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Iraq’s artists display war trauma in work
Feeling resentment, they showcase emotions in art
Question of the Day
BAGHDAD | Iraq’s artists are using their work to try to process the turmoil since the 2003 U.S.-led invasion, and what they are producing shows a profound anger over their country’s traumas and uncertainty over its future.
They have a lot to deal with: A change of regime, foreign occupation, an insurgency, sectarian massacres and, now, the prospect of a divided nation left by the Americans in the hands of unpopular politicians, unprepared security forces and a fragile democracy.
The ambivalence is clear.
Many of the artists lament Saddam Hussein’s ouster, but don’t wish to see one day of his rule come back. They are grateful to America for having rid them of his tyranny, but they vilify it as a foreign occupier. The majority Shiites see justice in their post-Saddam empowerment after decades of oppression, but say their own politicians are ruining the country.
“The Iraqi people are victimized by everything and everyone,” says Fadel Saddam, who directs short films. “They are victimized by both the ruler and the foreign occupier.”
• • •
Muayad Muhsin is venting while he paints.
“What we need in Iraq is a ruler who shares Saddam’s tyranny, but who fights oppression and corruption, and champions the poor,” he barked in one of several outbursts to an Associated Press reporter as he worked on his latest canvas.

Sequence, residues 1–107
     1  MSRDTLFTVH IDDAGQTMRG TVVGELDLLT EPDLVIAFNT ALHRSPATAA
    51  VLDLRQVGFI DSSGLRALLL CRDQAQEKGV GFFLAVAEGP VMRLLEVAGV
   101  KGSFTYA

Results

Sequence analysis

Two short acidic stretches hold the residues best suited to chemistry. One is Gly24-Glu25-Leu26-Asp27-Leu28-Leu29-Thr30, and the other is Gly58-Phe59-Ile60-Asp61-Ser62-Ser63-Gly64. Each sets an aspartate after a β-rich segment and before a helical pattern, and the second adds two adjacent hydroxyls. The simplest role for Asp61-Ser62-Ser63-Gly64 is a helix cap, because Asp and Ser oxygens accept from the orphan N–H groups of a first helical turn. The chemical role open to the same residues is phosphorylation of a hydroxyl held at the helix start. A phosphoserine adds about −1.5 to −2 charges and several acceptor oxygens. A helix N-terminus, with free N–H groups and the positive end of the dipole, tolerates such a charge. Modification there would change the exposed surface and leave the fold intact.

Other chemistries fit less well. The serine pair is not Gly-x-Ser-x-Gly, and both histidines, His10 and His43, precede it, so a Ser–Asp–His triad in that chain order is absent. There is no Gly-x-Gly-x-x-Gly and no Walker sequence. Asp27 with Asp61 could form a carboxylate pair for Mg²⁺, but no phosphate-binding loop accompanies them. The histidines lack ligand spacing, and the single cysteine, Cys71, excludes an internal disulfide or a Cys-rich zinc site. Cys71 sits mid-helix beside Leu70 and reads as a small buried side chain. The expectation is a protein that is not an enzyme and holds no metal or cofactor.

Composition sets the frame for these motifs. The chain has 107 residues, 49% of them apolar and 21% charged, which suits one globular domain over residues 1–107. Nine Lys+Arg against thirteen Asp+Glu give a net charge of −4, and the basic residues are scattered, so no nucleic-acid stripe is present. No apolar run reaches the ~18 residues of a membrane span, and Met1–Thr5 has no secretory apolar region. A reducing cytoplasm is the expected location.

It was another of the all-too-frequent 110-degree days when electricity is out and fans and air-conditioning units sit useless. Mr. Muhsin’s stuffy apartment was covered in dust from the previous day’s sandstorm, and the heavyset Mr. Muhsin, in shorts and a T-shirt, repeatedly wiped the sweat off his face.
The merciless heat is even enshrined in his work. On the back of one canvas is written: “Painted in 48 Celsius [118 Fahrenheit] in the shade while the power is continuously out in the summer of Iraq.”
The work in progress depicts a man standing desolately by the side of a road that bends until it disappears into a burning, apocalyptic orange sunset. The man is headless, holding in his left hand an oud, the Middle Eastern lute-like instrument that holds a cherished place in Iraqi culture.
In place of the man’s head is a streetlight pole.
“He is screaming, How long will we stand still like light poles on deserted roads?” explained Mr. Muhsin. “The sunset gives the impression of the end of the world, the end of a conflict, a horizon that promises new — but not necessarily good — things.”
Mr. Muhsin hauls other paintings from a storeroom. One also shows a headless man standing by a railway that abruptly ends behind him. His body is cracking, as if about to crumble. In the background are the famed ruins of Babylon.
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